Open data is a controversial issue. Businesses may not want their competitors to benefit from generated data. However there is a growing trend towards open data, particularly in the case of data generated by government bodies or publicly funded bodies. On October 24th 2012, Sean Sherlock, Minister of State, Department of Enterprise, Jobs & Innovation and Department of Education & Skills with responsibility for Research & Innovation, released a press statement in which he set out the terms of Ireland’s national open access policy . The release avers that “Open access adds value to research, to the economy and to society. The outputs from publicly-funded research should be publicly available to researchers, but also to potential users in education, business, charitable and public sectors, and to the general public”. The press release contains details of organisations that already have an open access policy such as The Higher Education Authority, Teagasc, and Dublin Institute of Technology. Other organisations involved in the national steering committee include The Environmental Protection Agency, The Health Service Executive and The Department of Agriculture Food and the Marine. The policy is to be effective from Jan 2013, with a phased implementation. This new policy paves the way for broad spectrum availability to a growing fund of big data.
EMC is a front runner in the move to harness the power of big data in business. An extract from its website describes the dynamics of big data in the workplace:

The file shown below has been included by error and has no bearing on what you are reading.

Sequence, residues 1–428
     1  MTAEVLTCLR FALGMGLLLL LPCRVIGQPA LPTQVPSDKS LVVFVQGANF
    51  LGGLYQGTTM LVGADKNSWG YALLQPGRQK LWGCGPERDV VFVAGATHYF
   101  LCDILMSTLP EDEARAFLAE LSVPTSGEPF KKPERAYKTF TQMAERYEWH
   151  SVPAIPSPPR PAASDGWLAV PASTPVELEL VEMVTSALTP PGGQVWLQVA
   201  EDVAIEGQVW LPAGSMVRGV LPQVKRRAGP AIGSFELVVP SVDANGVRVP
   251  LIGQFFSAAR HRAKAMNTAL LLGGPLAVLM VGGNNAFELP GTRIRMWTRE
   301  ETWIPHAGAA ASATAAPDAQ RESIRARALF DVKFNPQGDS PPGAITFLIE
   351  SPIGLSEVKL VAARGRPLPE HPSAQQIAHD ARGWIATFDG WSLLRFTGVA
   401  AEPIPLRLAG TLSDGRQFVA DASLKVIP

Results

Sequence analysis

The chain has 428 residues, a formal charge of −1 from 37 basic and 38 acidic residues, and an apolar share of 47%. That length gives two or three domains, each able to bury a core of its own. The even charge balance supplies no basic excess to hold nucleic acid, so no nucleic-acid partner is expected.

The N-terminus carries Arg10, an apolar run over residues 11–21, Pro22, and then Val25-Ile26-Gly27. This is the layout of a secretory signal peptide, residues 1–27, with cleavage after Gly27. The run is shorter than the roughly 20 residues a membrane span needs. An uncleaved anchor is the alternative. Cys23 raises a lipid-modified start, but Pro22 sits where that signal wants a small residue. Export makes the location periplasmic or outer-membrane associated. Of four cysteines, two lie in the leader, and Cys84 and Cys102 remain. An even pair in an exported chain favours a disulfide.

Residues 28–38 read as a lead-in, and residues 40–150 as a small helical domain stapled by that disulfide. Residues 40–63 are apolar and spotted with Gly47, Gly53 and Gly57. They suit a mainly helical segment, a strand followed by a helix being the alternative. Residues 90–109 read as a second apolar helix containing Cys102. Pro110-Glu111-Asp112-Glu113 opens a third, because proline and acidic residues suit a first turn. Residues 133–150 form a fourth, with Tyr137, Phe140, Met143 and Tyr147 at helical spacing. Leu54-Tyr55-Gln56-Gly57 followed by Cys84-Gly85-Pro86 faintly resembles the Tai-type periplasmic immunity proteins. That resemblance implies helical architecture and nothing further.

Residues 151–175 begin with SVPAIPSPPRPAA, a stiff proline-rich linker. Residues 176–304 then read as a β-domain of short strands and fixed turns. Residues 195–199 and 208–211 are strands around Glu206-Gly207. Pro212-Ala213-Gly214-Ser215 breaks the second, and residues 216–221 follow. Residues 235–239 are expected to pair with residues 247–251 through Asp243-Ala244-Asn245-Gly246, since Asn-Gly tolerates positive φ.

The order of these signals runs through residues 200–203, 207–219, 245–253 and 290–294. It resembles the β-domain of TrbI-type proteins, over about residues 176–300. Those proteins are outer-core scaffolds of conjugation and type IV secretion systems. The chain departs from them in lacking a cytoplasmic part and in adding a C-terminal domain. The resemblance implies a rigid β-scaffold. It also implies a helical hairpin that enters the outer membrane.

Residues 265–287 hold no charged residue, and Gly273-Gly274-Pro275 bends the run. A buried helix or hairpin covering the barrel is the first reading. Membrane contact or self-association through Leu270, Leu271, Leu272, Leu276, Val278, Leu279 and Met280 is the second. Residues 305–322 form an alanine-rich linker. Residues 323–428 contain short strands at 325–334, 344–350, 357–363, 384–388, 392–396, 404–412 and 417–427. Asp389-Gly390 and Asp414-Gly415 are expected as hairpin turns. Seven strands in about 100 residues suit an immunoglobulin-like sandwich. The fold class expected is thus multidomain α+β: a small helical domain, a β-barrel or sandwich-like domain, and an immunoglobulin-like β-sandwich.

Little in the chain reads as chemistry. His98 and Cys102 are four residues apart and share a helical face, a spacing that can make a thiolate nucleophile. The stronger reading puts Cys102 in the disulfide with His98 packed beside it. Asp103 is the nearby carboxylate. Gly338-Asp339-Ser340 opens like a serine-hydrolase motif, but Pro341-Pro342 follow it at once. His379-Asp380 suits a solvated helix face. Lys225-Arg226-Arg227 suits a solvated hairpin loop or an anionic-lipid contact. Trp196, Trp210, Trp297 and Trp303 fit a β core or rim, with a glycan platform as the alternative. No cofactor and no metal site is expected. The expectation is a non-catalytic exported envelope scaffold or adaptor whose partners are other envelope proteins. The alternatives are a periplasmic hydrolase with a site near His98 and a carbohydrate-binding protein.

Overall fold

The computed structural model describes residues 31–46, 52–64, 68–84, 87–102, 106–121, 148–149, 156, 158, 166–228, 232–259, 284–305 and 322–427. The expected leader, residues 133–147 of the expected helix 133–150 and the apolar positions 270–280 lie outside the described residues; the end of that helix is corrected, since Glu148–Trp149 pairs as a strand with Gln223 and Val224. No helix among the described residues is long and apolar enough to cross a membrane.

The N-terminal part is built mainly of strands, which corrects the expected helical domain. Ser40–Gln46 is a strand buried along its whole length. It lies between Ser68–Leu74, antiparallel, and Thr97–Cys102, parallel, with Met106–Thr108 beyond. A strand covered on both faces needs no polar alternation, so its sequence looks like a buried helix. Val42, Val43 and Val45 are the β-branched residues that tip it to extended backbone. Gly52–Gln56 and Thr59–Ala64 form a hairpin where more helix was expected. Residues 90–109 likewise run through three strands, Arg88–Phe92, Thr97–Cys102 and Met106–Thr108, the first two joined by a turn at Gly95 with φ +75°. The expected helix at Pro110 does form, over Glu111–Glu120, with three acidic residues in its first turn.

The explosion of mobile networks, cloud computing and new technologies has given rise to incomprehensibly large worlds of information. The rapidly shifting dynamics of competition, coupled with a deluge of data, create new challenges for leaders across all sectors who want to tap into the power of information to make better and more timely decisions about how their companies can best compete, grow and create new sources of value.
Big data in business is a powerful commercial tool. It allows companies, at the touch of a button, to gauge market trends, to economise, and to target new markets. Outside the world of commerce, big data can improve the management of government departments and can increase the capabilities of humanitarian organisations.
In conclusion, the acknowledged arrival of big data has far reaching consequences. Correctly used, it has the power to make significant positive changes in how we live. By adopting an open access policy to publically funded research, the Irish government is proactively engaging with the power of big data. The National Archives census website demonstrates how big data can, by making information available to the public, generate a momentum of its own. This momentum is evidenced by the site’s success in attracting the attention, not only of the historian, the sociologist and the genealogist, but also of the individual and in particular, Ireland’s diaspora, which at last count is estimated by the National Archive as 70 million.
All images used are from Wikimedia commons.
Big Data: Big Opportunities to Create Business Value. EMC. Web. 28.March 2013
Census of Ireland 1901/1911: National Archives. Web. 28 March 2013.
Malaria-control-aWhere. Web aWhere. Web. 28 March 2013.
Taking Big Brother and big bu siness out of big data. Web. The Irish Times, 8 Nov. 2012. Web. 28 March 2013.
The History of the Internet. Chapter Two. Web. Richard T.Griffiths, Leiden University 11.Oct.2002. Web 28 March 2013.
The Human Face of Big Data. Web. 2